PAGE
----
Trader Diplomacy This aspect of the modern diplomat’s work involves negotiating with the host country on a range of issues, from the political to the commercial. To be sure, increasingly bilateral and multilateral negotiations tend to be conducted at the level of higher-ranking officials or ministers. The role of the diplomat in this regard, however, is still important. 

Five o’clock Tea Diplomacy Entailing the one-to-one dialogue maintained with government officials or representatives of the private sector, it is aimed at conveying messages, exchanging views, clarifying positions, and exploring mutually advantageous opportunities. Usually, these kinds of meetings are held discreetly, even if they are not necessarily meant to be secret.

Didactic Diplomacy A term chosen to depict the role of the modern diplomat as a person who relays information, conveys analyses, and tries to enlighten officials and ministers at home about the pertinent events in the country in which he or she serves. It may refer, as well, to a wider conceptual dimension of the work undertaken by the modern diplomat: a personal credo of the diplomat concerned about general trends, more deep-seated processes, future developments, which may form part of the intellectual basis for the shaping of his or country’s foreign policy.

Some of the five conceptual categories thus mentioned apply to the work of the modern diplomat in different settings. Thus, for instance, Court-Room Diplomacy or Tour-Guide Diplomacy may apply to a one-to-one dialogue with an official, to a lecture at an academic institution or to an interview with the electronic or printed media.  

These five categories are advanced with a view to clarifying the role of the modern diplomat. Rather than refer to the work of the modern diplomat in general terms, a conceptual division as suggested in this article may contribute to further advance our understanding of this important area of both theoretical and empirical study.

There is a misperception regarding the role of the modern diplomat. Some observers confuse the role of the modern diplomat in formulating and in shaping foreign policy. The more limited role as regards the first does not denote any adverse change concerning the latter. Indeed, in a sense, the role of the modern diplomat in helping to shape foreign policy has increased as his or her role in formulating it has decreased. It has certainly become thematically more multi-dimensional and operationally more dynamic.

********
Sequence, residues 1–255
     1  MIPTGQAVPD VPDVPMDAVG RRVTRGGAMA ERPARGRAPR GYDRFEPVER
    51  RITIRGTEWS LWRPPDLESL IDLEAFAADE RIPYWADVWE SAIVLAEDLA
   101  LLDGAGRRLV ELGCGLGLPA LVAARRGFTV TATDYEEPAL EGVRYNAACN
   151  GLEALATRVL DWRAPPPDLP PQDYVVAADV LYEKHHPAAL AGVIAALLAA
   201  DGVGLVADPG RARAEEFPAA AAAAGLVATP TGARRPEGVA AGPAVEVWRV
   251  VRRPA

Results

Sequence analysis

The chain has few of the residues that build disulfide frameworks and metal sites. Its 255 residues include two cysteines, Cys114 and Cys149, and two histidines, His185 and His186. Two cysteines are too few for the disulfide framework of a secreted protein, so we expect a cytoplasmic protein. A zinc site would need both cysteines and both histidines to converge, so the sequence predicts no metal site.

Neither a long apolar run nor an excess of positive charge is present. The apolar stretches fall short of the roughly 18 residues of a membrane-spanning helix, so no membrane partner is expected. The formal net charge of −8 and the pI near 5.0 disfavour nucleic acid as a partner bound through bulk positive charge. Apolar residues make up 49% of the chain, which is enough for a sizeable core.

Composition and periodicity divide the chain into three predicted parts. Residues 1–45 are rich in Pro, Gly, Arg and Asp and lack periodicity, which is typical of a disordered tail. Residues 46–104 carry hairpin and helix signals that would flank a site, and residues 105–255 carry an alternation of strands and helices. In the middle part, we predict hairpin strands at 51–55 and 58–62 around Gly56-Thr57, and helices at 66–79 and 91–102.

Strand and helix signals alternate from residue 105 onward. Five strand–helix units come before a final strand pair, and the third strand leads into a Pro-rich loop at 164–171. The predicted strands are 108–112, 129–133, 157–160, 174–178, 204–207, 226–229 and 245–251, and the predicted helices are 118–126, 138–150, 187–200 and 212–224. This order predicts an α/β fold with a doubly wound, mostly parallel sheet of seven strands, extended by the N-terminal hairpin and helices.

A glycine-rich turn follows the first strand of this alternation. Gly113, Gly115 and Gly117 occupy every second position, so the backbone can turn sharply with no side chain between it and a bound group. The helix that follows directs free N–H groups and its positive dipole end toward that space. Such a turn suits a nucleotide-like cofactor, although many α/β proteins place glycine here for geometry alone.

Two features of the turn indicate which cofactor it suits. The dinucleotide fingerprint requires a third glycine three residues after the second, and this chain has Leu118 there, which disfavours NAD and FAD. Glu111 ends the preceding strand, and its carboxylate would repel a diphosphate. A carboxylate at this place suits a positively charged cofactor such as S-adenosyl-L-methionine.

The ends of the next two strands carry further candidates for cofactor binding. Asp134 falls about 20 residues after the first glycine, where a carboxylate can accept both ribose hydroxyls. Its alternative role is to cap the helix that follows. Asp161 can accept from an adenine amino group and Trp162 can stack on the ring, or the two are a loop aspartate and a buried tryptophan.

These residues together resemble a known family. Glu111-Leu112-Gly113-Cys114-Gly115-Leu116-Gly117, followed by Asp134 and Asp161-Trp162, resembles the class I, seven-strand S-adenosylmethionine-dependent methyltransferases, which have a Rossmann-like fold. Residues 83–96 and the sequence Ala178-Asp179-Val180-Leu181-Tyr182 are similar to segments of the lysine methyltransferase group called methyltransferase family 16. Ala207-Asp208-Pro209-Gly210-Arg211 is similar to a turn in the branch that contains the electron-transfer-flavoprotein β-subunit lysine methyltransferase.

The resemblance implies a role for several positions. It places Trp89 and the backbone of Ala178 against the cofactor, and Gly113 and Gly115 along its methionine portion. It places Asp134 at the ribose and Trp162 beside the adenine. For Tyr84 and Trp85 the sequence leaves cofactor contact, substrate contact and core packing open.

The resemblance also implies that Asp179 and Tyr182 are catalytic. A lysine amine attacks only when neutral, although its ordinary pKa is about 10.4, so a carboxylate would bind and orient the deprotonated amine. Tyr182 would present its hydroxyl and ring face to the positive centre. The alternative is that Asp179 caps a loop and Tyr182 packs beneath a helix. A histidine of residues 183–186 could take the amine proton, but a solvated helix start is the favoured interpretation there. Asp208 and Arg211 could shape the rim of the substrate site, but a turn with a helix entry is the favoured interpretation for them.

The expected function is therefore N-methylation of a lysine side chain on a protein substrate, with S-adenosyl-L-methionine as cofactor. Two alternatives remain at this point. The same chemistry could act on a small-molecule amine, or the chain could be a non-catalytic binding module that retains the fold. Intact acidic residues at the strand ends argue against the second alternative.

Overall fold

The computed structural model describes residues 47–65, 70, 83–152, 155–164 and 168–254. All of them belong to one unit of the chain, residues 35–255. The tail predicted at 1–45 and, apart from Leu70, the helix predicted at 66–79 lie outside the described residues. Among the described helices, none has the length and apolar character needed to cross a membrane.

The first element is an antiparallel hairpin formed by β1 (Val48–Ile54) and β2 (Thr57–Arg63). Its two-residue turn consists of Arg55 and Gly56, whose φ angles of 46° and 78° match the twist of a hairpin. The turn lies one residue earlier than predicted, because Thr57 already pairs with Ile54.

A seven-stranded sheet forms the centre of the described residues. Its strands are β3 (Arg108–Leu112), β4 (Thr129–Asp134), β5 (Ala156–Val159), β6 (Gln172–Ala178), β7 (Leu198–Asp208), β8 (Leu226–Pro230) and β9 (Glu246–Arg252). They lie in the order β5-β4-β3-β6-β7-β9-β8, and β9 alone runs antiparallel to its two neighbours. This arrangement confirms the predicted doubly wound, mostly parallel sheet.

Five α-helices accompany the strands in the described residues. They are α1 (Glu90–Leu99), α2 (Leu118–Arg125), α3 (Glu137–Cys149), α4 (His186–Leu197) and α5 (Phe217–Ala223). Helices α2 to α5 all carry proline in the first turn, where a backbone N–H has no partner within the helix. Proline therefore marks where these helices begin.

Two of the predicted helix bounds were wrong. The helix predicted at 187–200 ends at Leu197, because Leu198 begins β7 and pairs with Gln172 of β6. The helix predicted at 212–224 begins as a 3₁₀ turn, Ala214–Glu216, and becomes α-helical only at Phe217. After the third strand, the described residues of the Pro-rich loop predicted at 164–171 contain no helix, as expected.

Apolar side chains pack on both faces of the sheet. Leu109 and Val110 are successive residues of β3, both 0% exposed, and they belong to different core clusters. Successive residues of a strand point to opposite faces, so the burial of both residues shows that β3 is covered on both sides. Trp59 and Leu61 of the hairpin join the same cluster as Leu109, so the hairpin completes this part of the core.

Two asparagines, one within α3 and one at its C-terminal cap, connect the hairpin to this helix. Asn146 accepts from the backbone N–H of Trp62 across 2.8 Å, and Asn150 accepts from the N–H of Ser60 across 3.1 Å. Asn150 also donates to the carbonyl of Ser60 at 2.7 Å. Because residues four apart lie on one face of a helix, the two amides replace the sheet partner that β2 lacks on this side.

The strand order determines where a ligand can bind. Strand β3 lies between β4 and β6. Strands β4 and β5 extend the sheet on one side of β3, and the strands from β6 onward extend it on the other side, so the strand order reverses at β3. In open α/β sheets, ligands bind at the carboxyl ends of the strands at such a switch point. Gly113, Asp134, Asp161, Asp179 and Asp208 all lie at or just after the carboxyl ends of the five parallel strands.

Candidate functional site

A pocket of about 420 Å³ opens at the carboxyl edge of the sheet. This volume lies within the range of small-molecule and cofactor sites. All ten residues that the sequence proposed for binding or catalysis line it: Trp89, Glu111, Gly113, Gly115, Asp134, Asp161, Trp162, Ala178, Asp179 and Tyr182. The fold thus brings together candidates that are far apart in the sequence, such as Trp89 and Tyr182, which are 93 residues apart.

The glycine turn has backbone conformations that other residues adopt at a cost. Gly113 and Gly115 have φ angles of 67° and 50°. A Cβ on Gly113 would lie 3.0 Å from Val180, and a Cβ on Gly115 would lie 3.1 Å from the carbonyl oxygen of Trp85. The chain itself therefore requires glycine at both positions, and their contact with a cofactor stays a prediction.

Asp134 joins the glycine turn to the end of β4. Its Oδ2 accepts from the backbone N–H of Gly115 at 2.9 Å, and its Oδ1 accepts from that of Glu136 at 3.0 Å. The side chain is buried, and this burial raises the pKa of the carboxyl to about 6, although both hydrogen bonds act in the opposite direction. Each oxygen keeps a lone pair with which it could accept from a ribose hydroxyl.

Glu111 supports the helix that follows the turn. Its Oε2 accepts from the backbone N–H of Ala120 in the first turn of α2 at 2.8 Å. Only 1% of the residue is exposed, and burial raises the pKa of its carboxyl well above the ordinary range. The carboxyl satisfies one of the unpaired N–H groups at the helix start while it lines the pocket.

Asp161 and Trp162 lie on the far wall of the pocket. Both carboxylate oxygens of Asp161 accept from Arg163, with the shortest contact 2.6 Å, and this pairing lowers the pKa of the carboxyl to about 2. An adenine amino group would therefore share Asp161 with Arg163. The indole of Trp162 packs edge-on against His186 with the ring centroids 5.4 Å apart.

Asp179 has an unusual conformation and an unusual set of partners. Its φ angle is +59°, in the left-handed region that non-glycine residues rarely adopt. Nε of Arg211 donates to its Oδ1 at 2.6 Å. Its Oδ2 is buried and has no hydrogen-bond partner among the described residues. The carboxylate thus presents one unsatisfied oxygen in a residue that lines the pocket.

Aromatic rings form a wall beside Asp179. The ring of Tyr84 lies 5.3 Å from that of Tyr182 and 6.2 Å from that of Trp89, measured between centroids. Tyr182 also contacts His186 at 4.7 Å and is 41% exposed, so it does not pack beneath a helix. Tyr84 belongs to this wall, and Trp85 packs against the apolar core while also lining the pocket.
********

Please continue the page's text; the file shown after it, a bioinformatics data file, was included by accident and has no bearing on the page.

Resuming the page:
The five categories proposed in this article, as well as the distinction drawn between formulating and shaping foreign policy, are aimed at delineating a conceptual framework within which, it is hoped, further studies on the role of the modern diplomat may be conducted.End.

Yoav J. Tenembaum
Yoav J. Tenembaum

Dr. Yoav J. Tenembaum lectures at the Diplomacy Programme, University of Tel Aviv. He holds a doctorate in modern history from the University of Oxford, a master’s degree in international relations from Cambridge University and an undergraduate degree in modern history from the University of Tel Aviv. His writings have been published in the United States, Argentina, Spain, Israel, and by the European Parliament Magazine. He was born in Argentina and has lived in the United States and Britain as well as Israel. He is vice-president of the International Raoul Wallenberg Foundation.